Exoplanets & Exploring
Hi! I am an astrophysicist hunting for habitable(?) exoplanets.
What's my story? I am a Juan Carlos Torres Fellow and Postdoctoral Researcher at the Massachusetts Institute of Technology (MIT). I am fascinated by our quest to find Earth-sized exoplanets around small stars, and the big question of how stellar flares impact their habitability. To this end, I work with leading international missions, such TESS, SPECULOOS and NGTS. Whenever I am not searching for new worlds, I enjoy exploring our own Earth, traveling and the outdoors (scuba diving, rock climbing and hiking).
What did I do before that? I obtained my PhD working with Nobel-Laureate Professor Didier Queloz at the University of Cambridge, UK. My research focused on how we can distinguish between real exoplanets and things that look like exoplanets, but are not (false positives). As part of the NGTS team, I helped install telescopes, develop novel algorithms and hunt for Jupiter- and Neptune-sized exoplanets. Previous to that, for my Master’s Thesis, I had done something completely different: research in the biophysics lab of Professor George Shubeita at the University of Austin at Texas, USA. I developed a mathematical model to understand Drosophila models of genetic diseases like Alzheimer's and Fragile X. My underlying physics undergraduate education came from the University of Würzburg, where I also wrote a Bachelor's thesis on black hole mega-masers in Professor Matthias Kadler's group.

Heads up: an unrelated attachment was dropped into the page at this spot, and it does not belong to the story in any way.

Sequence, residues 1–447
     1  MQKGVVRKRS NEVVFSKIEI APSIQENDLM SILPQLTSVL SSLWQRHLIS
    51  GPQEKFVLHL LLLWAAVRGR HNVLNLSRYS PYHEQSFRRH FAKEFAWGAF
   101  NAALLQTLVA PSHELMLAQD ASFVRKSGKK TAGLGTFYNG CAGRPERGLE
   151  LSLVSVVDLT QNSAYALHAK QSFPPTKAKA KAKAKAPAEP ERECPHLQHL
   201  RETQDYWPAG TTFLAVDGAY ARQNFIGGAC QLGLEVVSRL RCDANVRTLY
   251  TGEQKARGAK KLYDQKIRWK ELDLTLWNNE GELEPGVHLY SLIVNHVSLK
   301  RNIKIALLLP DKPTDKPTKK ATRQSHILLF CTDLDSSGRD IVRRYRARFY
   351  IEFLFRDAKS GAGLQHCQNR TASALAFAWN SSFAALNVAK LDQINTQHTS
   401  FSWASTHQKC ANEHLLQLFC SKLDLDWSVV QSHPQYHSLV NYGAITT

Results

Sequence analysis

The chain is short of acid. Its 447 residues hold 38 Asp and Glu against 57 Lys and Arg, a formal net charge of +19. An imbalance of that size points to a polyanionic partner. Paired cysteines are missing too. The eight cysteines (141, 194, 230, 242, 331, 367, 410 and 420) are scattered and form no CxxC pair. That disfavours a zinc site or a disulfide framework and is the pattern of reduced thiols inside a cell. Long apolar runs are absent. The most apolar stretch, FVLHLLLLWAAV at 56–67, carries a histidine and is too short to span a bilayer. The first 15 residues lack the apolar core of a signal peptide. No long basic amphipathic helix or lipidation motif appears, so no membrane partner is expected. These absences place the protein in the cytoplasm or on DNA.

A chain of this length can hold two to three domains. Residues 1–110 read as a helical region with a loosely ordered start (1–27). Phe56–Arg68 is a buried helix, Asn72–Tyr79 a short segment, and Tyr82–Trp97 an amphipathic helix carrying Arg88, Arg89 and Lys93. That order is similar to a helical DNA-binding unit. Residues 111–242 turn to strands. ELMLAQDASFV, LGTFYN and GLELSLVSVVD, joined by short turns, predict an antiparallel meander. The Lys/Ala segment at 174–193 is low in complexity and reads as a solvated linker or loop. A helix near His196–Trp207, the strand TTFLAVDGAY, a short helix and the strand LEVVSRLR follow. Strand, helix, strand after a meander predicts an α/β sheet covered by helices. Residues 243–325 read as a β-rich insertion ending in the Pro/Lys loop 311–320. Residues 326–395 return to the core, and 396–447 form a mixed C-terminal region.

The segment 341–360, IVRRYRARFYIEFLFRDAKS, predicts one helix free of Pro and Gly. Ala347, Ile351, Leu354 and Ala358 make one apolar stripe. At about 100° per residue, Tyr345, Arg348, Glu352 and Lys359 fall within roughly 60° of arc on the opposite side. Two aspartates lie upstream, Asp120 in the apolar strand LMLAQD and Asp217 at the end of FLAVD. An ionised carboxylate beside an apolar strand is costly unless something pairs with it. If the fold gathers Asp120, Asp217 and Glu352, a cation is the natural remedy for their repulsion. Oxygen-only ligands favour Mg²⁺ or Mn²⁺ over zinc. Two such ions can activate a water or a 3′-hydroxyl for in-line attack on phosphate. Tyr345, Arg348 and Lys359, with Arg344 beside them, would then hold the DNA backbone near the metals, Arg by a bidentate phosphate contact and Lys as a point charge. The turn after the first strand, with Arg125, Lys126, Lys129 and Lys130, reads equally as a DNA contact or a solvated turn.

Expertise: Exoplanets, Stellar Flares, Cool Stars, Habitability
Skills: Bayesian Statistics, Machine Learning, Time Series Analysis
July 18, Graduated from the University of Cambridge with a PhD in (astro-)physics.
Feb 16, Joined Prince Philip, Duke of Edinburgh, and Ambassador Ammon for the Kurt Hahn Dinner in the German Embassy in London.
Jul 15, Discussing my research with Prince Andrew, Duke of York, during his visit to Cambridge's Astrophysics Groups.
Oct 14, Started my PhD at the University of Cambridge.